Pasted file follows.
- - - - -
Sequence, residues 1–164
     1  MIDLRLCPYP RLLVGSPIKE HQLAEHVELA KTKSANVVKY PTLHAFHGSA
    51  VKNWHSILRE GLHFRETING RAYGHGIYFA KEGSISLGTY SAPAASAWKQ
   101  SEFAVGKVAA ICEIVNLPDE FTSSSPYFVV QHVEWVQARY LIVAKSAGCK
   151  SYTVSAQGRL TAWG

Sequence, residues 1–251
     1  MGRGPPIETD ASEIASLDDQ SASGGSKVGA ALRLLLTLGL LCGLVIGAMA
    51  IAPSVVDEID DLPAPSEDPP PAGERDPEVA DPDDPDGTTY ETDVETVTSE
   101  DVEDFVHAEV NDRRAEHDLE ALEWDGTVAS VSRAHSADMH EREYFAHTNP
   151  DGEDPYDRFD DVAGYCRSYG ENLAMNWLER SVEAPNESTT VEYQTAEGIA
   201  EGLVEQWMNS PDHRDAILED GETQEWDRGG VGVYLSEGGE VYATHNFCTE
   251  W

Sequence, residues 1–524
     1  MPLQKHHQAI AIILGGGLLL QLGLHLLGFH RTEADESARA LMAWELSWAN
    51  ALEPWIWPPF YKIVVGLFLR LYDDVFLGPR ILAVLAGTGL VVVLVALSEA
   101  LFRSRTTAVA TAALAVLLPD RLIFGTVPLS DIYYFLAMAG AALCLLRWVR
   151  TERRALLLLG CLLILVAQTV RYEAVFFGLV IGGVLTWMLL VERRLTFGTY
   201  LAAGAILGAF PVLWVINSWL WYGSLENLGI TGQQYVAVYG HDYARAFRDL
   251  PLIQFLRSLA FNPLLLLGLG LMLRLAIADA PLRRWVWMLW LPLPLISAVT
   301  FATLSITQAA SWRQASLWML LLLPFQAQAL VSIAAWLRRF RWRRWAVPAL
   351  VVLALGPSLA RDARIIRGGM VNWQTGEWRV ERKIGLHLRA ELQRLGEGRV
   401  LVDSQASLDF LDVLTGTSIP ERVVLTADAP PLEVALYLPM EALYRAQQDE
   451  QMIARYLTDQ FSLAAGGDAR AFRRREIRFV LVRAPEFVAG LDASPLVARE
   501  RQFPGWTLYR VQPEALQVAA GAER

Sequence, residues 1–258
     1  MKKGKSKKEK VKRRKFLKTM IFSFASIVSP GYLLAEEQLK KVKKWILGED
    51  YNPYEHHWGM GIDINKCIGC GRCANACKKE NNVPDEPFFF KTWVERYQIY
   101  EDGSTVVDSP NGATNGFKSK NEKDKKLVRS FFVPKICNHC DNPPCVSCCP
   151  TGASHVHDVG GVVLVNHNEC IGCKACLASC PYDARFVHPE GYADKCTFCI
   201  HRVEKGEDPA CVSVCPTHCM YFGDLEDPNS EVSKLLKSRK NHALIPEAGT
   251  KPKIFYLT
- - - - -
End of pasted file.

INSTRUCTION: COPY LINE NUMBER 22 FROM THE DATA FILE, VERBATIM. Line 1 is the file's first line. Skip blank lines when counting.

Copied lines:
   401  LVDSQASLDF LDVLTGTSIP ERVVLTADAP PLEVALYLPM EALYRAQQDE